Read more…

Email Marketing: 5 questions to find out if you’re using CRM as a glorified autoresponder

March 15th, 2013
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One of my favorite proverbs is “Change yourself and you change your fortunes.”

Making changes that increase the bottom line starts with marketers making a commitment to change how they engage customers effectively with their tools at hand.

Tools like customer relationship management (CRM) and marketing automation systems that track user activities allow marketers to leverage behavior insights gained from captured analytics to engage both return customers and potential prospects.

But, according to Jermaine Griggs, Founder, Hear and Play Music and AutomationClinic.com, some marketers fail to put these tools to good use.

“Instead of better understanding ‘who’ or ‘what’ and letting the captured data talk to us, many of us are using CRM to send static time-based follow-ups,” Jermaine said.

Jermaine was a presenter at MarketingSherpa Email Summit 2013, and one of the key takeaways from his session at Summit was a hypothetical litmus test for marketers to self-assess their CRM and marketing automation usage.

Today’s MarketingSherpa blog post will present Jermaine’s litmus test as five questions every marketer should ask themselves about how they use CRMs and marketing automation to drive email campaigns. Our goal is to share peer insights you can use to aid your email marketing efforts.

But first, let’s take a look at a case study that provides a little backstory on how Jermaine discovered he was not using his CRM and marketing automation platform to their full potential.

Jermaine explained Hear and Play underwent a transformation when it started using its CRM and marketing automation platform to focus on personalizing its automated email marketing campaigns. The change resulted in a 416% increase in lifetime customer value and product purchases per customer from an average of 1.5 to 12.46.

“Our transformation came when we stopped using our CRM merely as a glorified autoresponder and started to really harness the power of behavioral and personalized marketing,” Jermaine explained.

 

Question #1: Do I have email campaign steps users can’t influence?

Jermaine suggested marketers assess their email campaigns using a ratio he calls an S2D score, or static vs. dynamic ratio.

In Jermaine’s S2D ratio:

  • Dynamic sends are influenced directly by customer action
  • Static sends are steps in a process that are not influenced by any customer action

Jermaine accredited increased use of dynamic sends over static sends as a driver of success in Hear and Play’s email marketing strategy reformation and suggests marketers take the time look at their data and acknowledge past customer behavior.

“It will go a long way, and there is an exponential impact on how customers respond,” Jermaine said.

Read more…

Lead Nurturing: 5 tips for creating relevant content

September 13th, 2012
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Attempting lead nurturing without strong content is like hosting a Monsters of Rock show during a power outage.

The results will be disappointing.

That’s because effective content is the power behind lead nurturing success, insist Toby Murdock, CEO and Co-founder, Kapost, and Chris Baggott, Chairman and Co-founder, Compendium.

Both companies are content software providers, and both leaders recently spoke about the value of content marketing: Murdock at Marketo’s Social Marketing Rockstar Tour, and Baggott at the MarketingSherpa B2B Summit 2012.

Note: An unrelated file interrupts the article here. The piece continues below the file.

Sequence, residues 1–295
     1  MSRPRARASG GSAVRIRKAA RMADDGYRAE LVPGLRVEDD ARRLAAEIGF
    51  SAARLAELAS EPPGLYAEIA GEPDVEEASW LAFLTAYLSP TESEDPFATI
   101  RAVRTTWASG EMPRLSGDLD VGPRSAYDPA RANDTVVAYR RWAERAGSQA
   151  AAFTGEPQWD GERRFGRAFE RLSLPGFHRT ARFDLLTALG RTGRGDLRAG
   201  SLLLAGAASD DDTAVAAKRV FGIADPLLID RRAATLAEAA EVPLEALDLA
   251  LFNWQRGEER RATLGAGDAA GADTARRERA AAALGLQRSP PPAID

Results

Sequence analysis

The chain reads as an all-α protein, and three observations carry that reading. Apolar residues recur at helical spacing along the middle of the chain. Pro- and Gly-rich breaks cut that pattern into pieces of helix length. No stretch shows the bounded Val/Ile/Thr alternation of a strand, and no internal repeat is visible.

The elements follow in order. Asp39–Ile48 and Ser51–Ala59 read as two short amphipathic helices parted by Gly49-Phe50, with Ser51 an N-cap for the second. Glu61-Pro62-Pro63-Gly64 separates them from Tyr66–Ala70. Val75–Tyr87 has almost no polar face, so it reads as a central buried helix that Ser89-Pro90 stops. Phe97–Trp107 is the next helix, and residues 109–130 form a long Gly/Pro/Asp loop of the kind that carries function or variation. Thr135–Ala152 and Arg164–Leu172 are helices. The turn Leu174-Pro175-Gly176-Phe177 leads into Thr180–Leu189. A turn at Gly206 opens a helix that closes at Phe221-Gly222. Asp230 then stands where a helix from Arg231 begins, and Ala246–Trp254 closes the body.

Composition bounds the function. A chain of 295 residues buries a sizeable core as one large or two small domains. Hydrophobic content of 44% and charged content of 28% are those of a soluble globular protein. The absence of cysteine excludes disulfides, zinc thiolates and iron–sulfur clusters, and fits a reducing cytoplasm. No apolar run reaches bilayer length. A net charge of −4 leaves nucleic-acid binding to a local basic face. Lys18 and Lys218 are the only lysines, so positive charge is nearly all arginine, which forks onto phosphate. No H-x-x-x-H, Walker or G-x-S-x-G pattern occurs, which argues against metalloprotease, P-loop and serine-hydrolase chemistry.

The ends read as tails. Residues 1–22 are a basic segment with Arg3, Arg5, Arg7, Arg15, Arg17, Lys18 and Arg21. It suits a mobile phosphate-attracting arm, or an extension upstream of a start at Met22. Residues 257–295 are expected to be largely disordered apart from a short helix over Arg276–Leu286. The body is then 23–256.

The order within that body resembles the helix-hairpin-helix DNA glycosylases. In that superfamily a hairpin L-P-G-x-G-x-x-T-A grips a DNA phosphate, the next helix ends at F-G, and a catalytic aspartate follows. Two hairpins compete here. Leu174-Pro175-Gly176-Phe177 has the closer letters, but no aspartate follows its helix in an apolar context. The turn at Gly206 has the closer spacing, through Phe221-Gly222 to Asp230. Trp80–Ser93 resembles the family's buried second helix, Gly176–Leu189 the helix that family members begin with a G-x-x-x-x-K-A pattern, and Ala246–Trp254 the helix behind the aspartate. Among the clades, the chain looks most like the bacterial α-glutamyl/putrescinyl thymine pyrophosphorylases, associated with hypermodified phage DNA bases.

“The Internet has put buyers in control,” says Murdock. “Seventy percent of the buying is completed before Sales is contacted.”

What that means, he went on to explain, is that Marketing now has the greatest responsibility for guiding those opportunities through the sales cycle. However, traditional advertising methods no longer help leads move forward.

“The average clickthrough rate on paid Internet advertising is .01%,” he points out.

Baggott contrasts this with clickthrough rates on content that is meaningful to prospects. He provides an example: creating content that speaks directly to prospects’ needs and has strong calls-to-action.

“When we do this, we see clickthrough rates that exceed 20%,” he points out; it’s an observation they’ve made working with hundreds of clients.

“I click through because I am very motivated. I see something that will help me; I look at the content and say, ‘Yeah, these people get me.’ When you have a need and the content meets it, you’re very eager to move forward,” he explains.

Instead of pushing products or services, pull the right prospects through by providing information, ideas and solutions that will help them, advise Baggott and Murdock. (It will also help you rank high in search engines.) This is the essence of relevance, and without it, everything you consider content is just more advertising, they insist.

They offer these tips to create content with the power to move beyond advertising into relevancy:

  Read more…

Content Marketing: 3 tips for how to get started

August 17th, 2012
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At Optimization Summit 2012, Michael Lykke Aagaard, Online Copywriter / Landing Page Fanatic, Contentverve, pulled me aside for an interview about content marketing. Below is an excerpt where we discuss three tips for getting started …

 

 

Let me (I hope) exceed your expectations in this blog post by adding three more tips for how to get started, helping you, in this case, to overcome common objections you might receive in trying to launch or expand content marketing in your organization …

  Read more…

Nonprofits Need to Embrace Email Channel

October 22nd, 2008
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I got a call this week from a charitable organization. Their cause sounded very, very worthy.

But this is what happened. I asked them: If I made a donation, would they email me a receipt? I made it clear that that would be the only way I would contribute. I have had the experience in the past, where if you donate, the organization will email you a receipt. Read more…